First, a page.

And now sandwiched between the Spiritual Mother of Kerala and the anointed Saint of Kolkata is the ‘Amma’ of Tamilnadu, Jayalalithaa, who despite being neither particularly spiritual nor saintly could especially in the popularity stakes give every other Amma a good run for her money. It was midnight when the news broke of the Tamilnadu Chief Minister’s hospitalisation. The chest beating frenzy that followed had to be seen to be believed. Within seconds hundreds of party workers and supporters of the All India Dravida Munnetra Kazhagam had gathered outside the Apollo Hospital in Central Chennai. And the rumour mills went into an overdrive. She had had a stroke/she was paralysed/ she was dying, etc. and when dehydration with fever was announced, it was almost anti-climactic. But the state administration was taking no chances. Cordoning off the entire area the cops were on high alert. Four days later they are still all there around the hospital along with scores of media personnel tensely awaiting every medical bulletin. Though this kind of fierce devotion and fanatical loyalty is typical to the Tamils, to hear them say on the verge of hysteria how much more dear she is to them than their own birth-mothers is taking sycophancy to new heights.
What could be the mystery behind the pull of this particular Amma? If one admirer is to be believed it is currently the attraction of all the freebies she has been dishing out. Evidently, Brand Amma has taken the wow out of the PR business to an all-time high. There are Amma canteens, Amma water, Amma salt, even Amma mobiles and pharmacies and yes Amma Veggies-you name it, she provides it and all at really subsidised rates. Though physically shrouded in secrecy – she is rarely seen in public – her presence is everywhere. Young girls to be married? Amma organises mass weddings. Marriage Mandaps? Amma Marriage halls are just round the corner. Need trousseau and mangalsutras? Amma provides them. Want to see a movie? Amma cinemas are coming up. Need mobility? Amma cycles available at knock down prices. Grinders, fans, cement, call centres, laptops, idilis (at a rupee an idli) or seeds the ‘Amma’ touch is there.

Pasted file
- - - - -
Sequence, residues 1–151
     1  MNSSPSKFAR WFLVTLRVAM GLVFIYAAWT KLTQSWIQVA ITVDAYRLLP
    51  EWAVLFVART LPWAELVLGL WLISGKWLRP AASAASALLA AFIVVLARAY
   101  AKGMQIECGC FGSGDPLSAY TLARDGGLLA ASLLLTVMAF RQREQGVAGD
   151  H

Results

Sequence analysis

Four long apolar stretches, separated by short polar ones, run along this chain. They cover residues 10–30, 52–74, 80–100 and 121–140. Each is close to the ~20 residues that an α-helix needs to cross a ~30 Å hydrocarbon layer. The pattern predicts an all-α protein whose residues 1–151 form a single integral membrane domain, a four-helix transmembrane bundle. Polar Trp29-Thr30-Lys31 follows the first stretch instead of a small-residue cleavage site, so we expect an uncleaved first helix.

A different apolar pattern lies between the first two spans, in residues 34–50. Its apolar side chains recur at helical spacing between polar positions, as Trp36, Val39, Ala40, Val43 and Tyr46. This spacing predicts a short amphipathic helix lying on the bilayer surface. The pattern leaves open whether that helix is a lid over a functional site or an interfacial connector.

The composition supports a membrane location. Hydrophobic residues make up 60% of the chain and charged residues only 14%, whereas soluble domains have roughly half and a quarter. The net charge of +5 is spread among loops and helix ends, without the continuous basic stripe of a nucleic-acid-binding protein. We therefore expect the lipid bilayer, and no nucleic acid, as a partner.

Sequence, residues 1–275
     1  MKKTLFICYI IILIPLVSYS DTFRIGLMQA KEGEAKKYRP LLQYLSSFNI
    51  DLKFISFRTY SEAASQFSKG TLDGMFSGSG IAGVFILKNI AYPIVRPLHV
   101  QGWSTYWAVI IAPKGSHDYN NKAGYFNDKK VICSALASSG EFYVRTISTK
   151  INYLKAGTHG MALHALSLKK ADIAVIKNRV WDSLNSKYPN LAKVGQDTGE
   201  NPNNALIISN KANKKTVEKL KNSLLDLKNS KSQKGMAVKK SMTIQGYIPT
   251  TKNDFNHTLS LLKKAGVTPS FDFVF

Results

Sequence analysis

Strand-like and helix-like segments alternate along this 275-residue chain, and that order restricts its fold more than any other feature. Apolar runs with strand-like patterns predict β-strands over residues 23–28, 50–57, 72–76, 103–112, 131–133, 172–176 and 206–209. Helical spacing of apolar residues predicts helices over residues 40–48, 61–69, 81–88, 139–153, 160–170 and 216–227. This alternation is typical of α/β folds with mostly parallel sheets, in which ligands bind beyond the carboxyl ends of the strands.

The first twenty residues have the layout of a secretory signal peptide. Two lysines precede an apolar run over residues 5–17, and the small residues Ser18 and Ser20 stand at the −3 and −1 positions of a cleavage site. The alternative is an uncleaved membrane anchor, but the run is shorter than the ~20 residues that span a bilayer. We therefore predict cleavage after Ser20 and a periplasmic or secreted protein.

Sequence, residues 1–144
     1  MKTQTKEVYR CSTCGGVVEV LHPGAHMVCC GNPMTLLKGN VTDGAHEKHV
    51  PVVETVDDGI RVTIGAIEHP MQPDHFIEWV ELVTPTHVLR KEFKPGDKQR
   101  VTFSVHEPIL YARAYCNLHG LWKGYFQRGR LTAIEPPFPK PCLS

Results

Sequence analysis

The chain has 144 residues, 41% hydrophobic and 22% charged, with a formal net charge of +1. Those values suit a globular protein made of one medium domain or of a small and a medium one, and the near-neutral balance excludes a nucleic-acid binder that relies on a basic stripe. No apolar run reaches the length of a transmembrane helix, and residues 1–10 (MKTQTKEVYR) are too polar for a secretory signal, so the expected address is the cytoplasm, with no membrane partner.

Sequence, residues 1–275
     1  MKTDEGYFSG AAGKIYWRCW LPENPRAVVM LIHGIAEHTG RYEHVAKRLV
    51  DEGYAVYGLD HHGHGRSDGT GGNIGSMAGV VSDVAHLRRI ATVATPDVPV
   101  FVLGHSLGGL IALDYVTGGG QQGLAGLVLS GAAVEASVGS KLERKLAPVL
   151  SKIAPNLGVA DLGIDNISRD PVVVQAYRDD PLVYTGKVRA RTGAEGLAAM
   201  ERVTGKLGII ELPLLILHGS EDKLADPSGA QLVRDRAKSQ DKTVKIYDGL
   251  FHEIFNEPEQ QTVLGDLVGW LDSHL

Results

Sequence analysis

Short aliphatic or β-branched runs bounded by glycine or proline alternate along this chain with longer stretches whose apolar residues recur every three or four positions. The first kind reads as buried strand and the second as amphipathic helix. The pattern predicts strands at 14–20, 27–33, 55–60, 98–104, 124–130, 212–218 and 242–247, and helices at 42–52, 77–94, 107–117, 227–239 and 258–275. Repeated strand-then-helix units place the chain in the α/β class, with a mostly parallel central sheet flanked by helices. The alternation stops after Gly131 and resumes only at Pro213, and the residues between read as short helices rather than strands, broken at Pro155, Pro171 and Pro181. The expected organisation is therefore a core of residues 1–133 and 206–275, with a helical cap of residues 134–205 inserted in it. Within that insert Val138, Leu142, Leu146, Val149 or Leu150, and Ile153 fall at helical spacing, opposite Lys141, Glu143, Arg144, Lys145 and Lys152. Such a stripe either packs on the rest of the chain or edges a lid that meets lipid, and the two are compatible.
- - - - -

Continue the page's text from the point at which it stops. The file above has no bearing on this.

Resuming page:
Then having cultivated a careful ‘you can see me but you can’t touch me’ hauteur she is ruthless with her detractors and lady bountiful with her faithful. Astute and politically savvy, she has today even the Centre dancing to her tunes. Didn’t the Modi government go calling the other day? And let’s not talk about the Cauvery water issue. She keeps it on a boil every time she comes to power probably to emphasise the point that despite being born in Karnataka, she is all for the Tamil people. Did the Sashikala relationship-mess or her stint in jail for the disproportionate assets case dent her popularity? Oh no. If it did anything at all it only enhanced her standing and won her more sympathy.
As for governance, barring the flood episode last year Jayalalithaa has whipped Tamilnadu around like nobody else. Getting her bureaucracy to deliver and leaving her opposition licking their wounds she perhaps appears as a ‘harbinger’ of action to Tamilnadu. A person who delivers, whatever the odds. Do her freebies reach the people? Mostly, despite the corruption and unlike the rest of the country, they do. Today, if there is a state in India akin to a welfare state it is Tamilnadu. But can it be sustained and for how long? Well, that remains to be seen. So if anything should happen to Amma God forbid, the bubble might just burst and everything could just go belly up. Mystery et al. Till then Amma Jayalalithaa rules and her cloak of unassailability remains intact.
Pix from Net.
When computers hit the scene, life changed for Sreelata Menon. A Masters in History (Mumbai University) she was with the Onlooker and world Trade Magazines before teaching History to undergraduates and doing a stint in an advertising agency. A web content writer, she wrote blogs on freelance writing, and current happenings for online and print publications. Author of ‘Freelance Writing for the Newbie Writer’ her books also include Guru Nanak and Indira Gandhi for Penguin-Puffin.